kitchen table math, the sequel: alert the vice president

Thursday, April 19, 2007

alert the vice president

I wonder if Lynne Cheney is aware that the DOE is telling parents not to subvert fuzzy math.

  • Encourage your child to use a daily math assignment book.

  • Follow the progress your child is making in math. Check with your child daily about his homework.

  • If you don't understand your child's math assignments, engage in frequent communication with his or her teacher. [ed.: good one!]

  • If your child is experiencing problems in math, contact the teacher to learn whether he or she is working at grade level and what can be done at home to help improve academic progress. [ed.: If students need distributed practice, parents can find worksheets online.]

  • Request that your child's teacher schedule after-school math tutoring sessions if your child really needs help. [ed.: been there. done that.]

  • Advocate with the principal for the use of research-based peer tutoring programs for math. These tutoring programs have proven results, and students really enjoy them. [ed.: aarghhhy]

  • Use household chores as opportunities for reinforcing math learning such as cooking and repair activities. [ed.: aarghhh]

  • Try to be aware of how your child is being taught math, and don't teach strategies and shortcuts that conflict with the approach the teacher is using. Check in with the teacher and ask what you can do to help. Ask the teacher about online resources that you can use with your child at home. [ed.: aarghhh, aarghhh]

  • At the beginning of the year, ask your child's teacher for a list of suggestions that will enable you to help your child with math homework. [ed.: how about no]

file under: the right hand doesn't know what the left hand is doing

from the same source:

Find out whether your child's teacher is highly qualified and whether the school follows state standards for mathematics instruction. Ask the school principal for a school handbook or math curriculum guide. If your school doesn't have a handbook, ask the principal and teachers questions such as the following:

  • What math teaching methods and materials are used? Are the methods used to teach math based on scientific evidence about what works best? Are materials up to date?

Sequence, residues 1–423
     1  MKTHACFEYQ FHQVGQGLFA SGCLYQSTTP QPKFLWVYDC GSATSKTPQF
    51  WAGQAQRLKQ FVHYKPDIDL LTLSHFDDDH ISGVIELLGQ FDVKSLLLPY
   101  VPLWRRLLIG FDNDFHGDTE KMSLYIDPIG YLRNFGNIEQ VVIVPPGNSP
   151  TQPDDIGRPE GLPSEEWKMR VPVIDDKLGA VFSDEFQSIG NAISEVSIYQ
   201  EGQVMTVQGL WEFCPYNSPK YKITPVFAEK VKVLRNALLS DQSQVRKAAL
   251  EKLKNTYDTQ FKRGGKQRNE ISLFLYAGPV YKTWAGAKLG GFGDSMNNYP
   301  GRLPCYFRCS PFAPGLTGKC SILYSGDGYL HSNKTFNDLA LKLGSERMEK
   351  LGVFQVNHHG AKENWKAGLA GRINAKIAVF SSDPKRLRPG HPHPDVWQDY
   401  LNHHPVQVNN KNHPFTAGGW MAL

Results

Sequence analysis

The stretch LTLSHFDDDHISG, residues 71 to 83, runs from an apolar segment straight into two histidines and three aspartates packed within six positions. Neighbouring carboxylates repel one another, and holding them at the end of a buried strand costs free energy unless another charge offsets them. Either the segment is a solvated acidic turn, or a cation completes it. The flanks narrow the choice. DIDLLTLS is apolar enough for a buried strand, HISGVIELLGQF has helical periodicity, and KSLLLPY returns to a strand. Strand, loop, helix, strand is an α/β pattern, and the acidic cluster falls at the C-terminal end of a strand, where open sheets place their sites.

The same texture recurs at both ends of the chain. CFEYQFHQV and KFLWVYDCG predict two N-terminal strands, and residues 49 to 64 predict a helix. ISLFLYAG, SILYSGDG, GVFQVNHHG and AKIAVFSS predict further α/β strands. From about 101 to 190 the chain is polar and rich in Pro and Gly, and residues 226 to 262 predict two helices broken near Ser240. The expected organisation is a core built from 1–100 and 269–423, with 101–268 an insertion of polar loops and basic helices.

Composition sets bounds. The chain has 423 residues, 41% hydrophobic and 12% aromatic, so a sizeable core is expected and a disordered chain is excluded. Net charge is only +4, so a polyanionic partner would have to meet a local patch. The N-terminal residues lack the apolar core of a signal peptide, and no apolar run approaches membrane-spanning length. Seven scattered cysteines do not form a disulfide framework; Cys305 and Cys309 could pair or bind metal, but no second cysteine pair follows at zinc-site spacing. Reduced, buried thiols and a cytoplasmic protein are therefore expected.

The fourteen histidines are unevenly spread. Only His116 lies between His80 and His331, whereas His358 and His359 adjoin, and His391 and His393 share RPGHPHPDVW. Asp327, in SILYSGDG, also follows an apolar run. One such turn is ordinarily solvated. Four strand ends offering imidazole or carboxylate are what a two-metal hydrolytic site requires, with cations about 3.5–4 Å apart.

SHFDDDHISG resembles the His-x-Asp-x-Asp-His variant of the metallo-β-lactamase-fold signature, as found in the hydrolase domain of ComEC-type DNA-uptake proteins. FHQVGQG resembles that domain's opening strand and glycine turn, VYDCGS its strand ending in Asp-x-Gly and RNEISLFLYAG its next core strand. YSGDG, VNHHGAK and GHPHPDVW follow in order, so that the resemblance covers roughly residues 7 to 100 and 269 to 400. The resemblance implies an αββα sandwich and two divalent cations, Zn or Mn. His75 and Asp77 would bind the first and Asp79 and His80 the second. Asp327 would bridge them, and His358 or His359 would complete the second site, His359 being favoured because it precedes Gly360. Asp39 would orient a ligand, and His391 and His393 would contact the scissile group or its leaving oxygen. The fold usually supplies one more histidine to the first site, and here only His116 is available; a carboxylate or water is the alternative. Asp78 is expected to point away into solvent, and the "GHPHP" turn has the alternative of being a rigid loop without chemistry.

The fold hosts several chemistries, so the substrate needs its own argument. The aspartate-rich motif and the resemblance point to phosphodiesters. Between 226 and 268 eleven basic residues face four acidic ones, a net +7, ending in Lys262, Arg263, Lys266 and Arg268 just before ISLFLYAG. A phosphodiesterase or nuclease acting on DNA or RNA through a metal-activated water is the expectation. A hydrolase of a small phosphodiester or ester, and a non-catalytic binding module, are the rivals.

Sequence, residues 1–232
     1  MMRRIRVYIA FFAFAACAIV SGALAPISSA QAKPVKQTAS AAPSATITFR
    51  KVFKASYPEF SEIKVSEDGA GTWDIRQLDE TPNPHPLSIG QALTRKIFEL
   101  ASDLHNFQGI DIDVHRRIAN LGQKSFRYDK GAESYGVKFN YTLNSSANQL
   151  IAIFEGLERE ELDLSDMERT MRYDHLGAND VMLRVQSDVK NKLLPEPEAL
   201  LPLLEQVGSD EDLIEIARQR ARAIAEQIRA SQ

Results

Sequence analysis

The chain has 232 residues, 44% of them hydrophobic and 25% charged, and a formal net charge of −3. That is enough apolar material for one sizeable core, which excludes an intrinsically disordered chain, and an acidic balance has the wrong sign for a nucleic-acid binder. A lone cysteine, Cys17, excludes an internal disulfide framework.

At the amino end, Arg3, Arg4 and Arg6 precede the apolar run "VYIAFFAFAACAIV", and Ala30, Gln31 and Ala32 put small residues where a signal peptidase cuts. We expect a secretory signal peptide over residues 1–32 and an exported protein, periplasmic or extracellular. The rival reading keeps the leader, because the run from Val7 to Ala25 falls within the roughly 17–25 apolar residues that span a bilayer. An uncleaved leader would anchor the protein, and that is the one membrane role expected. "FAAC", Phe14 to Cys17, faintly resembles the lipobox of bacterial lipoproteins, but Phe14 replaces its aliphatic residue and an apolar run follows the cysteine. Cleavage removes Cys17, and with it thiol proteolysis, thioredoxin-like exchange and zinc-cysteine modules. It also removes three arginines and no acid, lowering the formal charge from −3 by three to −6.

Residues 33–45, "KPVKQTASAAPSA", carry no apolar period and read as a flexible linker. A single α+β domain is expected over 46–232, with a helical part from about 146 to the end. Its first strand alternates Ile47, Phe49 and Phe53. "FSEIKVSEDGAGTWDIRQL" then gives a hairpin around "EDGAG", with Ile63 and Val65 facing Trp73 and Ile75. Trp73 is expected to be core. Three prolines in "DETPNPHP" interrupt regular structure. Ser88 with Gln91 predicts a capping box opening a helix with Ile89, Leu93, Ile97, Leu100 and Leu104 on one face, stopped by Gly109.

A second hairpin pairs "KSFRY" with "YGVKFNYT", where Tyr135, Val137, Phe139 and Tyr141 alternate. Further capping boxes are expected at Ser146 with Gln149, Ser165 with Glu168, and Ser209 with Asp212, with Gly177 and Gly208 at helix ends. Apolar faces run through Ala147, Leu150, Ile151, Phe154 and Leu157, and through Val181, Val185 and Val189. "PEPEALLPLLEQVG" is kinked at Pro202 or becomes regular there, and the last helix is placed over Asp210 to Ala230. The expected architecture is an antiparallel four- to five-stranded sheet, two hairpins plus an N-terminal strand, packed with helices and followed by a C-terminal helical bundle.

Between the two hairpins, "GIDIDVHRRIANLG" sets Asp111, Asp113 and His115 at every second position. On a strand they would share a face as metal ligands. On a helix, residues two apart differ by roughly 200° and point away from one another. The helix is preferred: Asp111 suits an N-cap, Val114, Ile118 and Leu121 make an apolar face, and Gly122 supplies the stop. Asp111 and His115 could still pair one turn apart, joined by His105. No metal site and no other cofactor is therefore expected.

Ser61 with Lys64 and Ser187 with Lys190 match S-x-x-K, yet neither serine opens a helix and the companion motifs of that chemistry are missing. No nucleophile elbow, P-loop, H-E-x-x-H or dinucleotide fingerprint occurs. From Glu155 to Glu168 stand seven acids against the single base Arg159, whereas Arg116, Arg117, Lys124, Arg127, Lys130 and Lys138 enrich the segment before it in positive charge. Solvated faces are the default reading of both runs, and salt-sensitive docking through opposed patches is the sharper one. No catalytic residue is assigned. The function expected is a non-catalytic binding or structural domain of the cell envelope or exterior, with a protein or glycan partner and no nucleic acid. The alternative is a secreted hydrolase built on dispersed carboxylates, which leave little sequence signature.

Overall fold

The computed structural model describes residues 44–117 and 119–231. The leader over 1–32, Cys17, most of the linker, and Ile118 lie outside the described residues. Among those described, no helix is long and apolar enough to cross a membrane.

• How much time is spent on math instruction?
  • How does the school measure student progress in math? What tests does it use? How do the students at the school score on state assessments of math?
  • Does the school follow state math standards and guidelines?
  • Are the math teachers highly qualified? Do they meet state certification and subject-area knowledge requirements?

If you have not seen it, ask to look at the No Child Left Behind report card for your school. These report cards show how your school compares to others in the district and indicate how well it is succeeding.

so.... Don't interfere with the math instruction on offer at your kids' school, but do grill your principal to within an inch of his life about the curriculum, the research base, and teacher qualifications.

I'm sure that'll work.

The Feds must resolve disputes amongst the warring parties by lopping white papers in two & assigning half the pages to one camp, the other half to the other camp.

Party number one gets to write Homework Tips on page 5; Party number two gets to write the Homework Tips on page 11.


I wish my school had a handbook.

Or a math curriculum guide.

Or anything in writing at all.


Of course, we do have a handsome set of form letters.

Hard to say which one's my favorite.

if you listen

Ed always says that if you listen people will tell you what they think.

After he read the list of "tips" he pointed out that the list assumes the school isn't going to be teaching your kid any math.

Three of the tips are about peer tutoring and "extra help."

Note that peer tutoring is research based while extra help is not.

This has been our experience.

Extra help doesn't help.


This weekend I discovered that one of C's friends, who is in the regular track and shouldn't be is being tutored by a high school student.

This is my middle school.

Very bright kids are a) in the slow track and b) not learning math there, either.


Exo said...

Yes, extra help, longer day, longer year, sleepless nights learning something you were not taught... Excellent opportunity.

I NEVER spent more than 1 hour on HW in grades 5-10. And I was the top student. And I can tesify now: they taught me well! (I taught Physics which I hever have after grade school to my 7th graders - in details using algebraic equations to describe physical laws because I recalled it from more than 15 years ago...)

Catherine Johnson said...

Yes, extra help, longer day, longer year, sleepless nights learning something you were not taught... Excellent opportunity.

It is just extraordinary.

You said it.

Longer day, longer year, "extra" help --- it's just remarkable.

How about shorter day AND TEACH BETTER?

You have to love it that the Singapore kids go to school for 10 years compared to our 13.